Visiting the site of besotted greatness |

Visiting the site of besotted greatness

Colleen Norris

Margaritas are being served, fajitas are being made, my beer is being replaced … all this is happening while I sit in HIS chair and write this article. I know it’s HIS chair because I asked the bartender where he sat when he would come in. She had worked there since the bar opened and knew him well. The late, great Gonza Doctor, THE Hunter S. Thompson had sat where I was sitting a million times before to drink, to write, to think.

Every time I look up at his picture looking down at me sitting in his chair, all I can do is give this goofy, school-girl smile (perhaps the margarita’s fault). I want to pry the bartender for more insider info, but, my pride gets in the way and I don’t want to seem like a tourist, a role I had been playing all day, so I make my boyfriend ask all the questions instead. Obviously, I was at none other than the Woody Creek Tavern, outside of Aspen, and I was star-struck, over a dead guy.

Leaving Vail for the day was an easy decision. Autumn was in full swing, and the golden aspens just called for me to be outside. The previous night had been spent in the Village, taking advantage of the off-season deals. We had dined at La Tour, where the food and service were great, the company even better, and the wine … well, flowing would probably be an understatement. The night continued and I met up with friends and danced, danced, danced with wedding parties and other locals. That, of course, led to a hangover that only a breakfast at Westside could cure. It was here I decided that the previous night had been a blur, so today should be chill. I didn’t even have my usual red beer with my biscuits and gravy. Driving over Independence Pass was on the agenda, and after I over-stuffed my face, as I generally do when hungover, we headed out to view the leaves and visit Aspen.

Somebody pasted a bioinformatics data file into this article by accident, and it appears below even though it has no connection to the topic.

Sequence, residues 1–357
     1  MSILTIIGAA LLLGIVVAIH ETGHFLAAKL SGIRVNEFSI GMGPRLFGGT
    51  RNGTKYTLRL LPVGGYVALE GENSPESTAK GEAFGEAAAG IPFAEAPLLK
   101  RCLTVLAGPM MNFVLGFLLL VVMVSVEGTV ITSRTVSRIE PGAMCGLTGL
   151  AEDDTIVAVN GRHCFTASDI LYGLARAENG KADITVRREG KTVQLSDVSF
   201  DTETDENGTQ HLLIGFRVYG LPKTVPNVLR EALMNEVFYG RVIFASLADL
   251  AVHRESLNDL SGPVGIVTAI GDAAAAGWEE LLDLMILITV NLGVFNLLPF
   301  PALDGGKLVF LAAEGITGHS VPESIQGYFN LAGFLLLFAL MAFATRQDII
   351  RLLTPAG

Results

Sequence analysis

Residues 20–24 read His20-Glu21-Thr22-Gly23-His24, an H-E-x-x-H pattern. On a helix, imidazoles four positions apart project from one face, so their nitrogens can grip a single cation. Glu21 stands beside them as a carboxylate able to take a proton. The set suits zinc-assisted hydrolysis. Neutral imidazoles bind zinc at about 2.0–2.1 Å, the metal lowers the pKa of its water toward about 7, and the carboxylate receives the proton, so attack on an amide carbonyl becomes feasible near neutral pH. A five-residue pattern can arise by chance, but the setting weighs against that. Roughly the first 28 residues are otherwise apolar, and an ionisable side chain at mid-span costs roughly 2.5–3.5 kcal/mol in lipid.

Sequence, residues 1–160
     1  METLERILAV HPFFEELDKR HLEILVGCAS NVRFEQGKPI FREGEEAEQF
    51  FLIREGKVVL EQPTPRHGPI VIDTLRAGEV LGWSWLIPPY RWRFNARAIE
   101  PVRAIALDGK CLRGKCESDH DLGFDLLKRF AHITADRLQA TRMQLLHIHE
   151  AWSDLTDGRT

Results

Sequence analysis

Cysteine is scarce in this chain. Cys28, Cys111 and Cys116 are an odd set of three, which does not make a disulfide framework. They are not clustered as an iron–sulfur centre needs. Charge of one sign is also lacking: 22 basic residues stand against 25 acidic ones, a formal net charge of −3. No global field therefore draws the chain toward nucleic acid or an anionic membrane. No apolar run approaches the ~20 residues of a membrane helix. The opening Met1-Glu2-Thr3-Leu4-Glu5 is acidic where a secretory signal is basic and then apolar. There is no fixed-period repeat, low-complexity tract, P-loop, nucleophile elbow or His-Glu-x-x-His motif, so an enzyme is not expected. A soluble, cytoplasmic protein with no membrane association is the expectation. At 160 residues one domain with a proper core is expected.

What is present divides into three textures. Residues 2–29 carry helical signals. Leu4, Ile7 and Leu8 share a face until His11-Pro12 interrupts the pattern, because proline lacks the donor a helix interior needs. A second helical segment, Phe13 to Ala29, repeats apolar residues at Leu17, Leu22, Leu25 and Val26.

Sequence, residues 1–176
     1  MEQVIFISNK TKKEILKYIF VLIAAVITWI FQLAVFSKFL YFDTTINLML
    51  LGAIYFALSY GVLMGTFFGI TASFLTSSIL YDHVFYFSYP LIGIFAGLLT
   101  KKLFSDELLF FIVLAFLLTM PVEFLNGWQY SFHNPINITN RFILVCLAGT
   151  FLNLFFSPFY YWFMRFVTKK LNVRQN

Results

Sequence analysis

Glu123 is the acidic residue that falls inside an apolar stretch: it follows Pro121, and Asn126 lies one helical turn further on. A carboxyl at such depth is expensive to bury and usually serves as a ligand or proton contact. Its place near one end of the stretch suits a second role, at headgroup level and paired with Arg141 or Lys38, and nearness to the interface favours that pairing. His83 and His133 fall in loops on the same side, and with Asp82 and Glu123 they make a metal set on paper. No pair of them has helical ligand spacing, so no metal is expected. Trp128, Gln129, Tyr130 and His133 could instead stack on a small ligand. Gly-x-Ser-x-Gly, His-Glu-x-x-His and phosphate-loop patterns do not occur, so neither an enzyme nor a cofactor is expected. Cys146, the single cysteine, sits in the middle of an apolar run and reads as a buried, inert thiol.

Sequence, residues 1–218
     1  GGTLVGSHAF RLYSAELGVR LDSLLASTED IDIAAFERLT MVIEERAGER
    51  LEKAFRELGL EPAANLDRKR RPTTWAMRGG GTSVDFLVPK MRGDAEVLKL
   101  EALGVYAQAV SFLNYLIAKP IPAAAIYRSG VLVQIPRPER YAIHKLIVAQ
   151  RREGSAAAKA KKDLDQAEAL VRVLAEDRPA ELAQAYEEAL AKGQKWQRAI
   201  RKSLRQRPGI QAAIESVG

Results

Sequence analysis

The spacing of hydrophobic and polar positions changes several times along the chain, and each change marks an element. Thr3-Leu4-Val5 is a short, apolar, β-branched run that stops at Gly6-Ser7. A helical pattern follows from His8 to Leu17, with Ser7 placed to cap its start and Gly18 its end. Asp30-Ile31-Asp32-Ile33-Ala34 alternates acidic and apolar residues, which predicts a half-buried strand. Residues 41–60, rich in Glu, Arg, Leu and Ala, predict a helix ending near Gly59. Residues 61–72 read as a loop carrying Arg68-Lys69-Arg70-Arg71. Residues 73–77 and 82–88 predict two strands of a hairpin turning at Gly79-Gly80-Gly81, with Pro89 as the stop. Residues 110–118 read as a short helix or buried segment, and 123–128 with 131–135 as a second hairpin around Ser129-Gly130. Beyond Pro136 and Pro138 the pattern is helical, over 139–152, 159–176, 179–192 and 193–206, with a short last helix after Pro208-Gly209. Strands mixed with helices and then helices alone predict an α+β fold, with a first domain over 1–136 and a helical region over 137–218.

We were not the only ones, on this beautiful sunny day, who had the idea; the Pass was filled with other drivers doing the leaf thing. By living in a town where a majority of people are tourists, you often don’t get the chance to be one yourself. It was fun to tool around, take a million pictures, stupidly crawl into a grotto and nearly get stuck below ground forever ” you know, do the dumb stuff that tourists do. Like visit bars where a famous person used to occasion and ask the bartender the same questions everyone else asks.

Another thing about living in a resort town is that when you leave and visit someplace else, you almost always run into other Vailites. We’ve all experienced that. It happened today. I was here, drinking my margarita, when two friends walked in. None of us knew that we had been doing the same activity all day. Like me, they were also ready for a cold beverage. Immediately my “chill” day turned into what is now: me, four or five tequila drinks in and writing this article. The best times usually happen by chance. This weekend was a product of that, so cheers to chance, coincidence, gonzo, tourists, and tequila. If it weren’t for these factors (among a few others), the people of Vail would not be drawn together; a place like Vail potentially could not exist. I would also probably be sober right now and have a better, coherent ending to this story. Which reminds me, cheers to Vail and the Vailites and … Bottom’s up!

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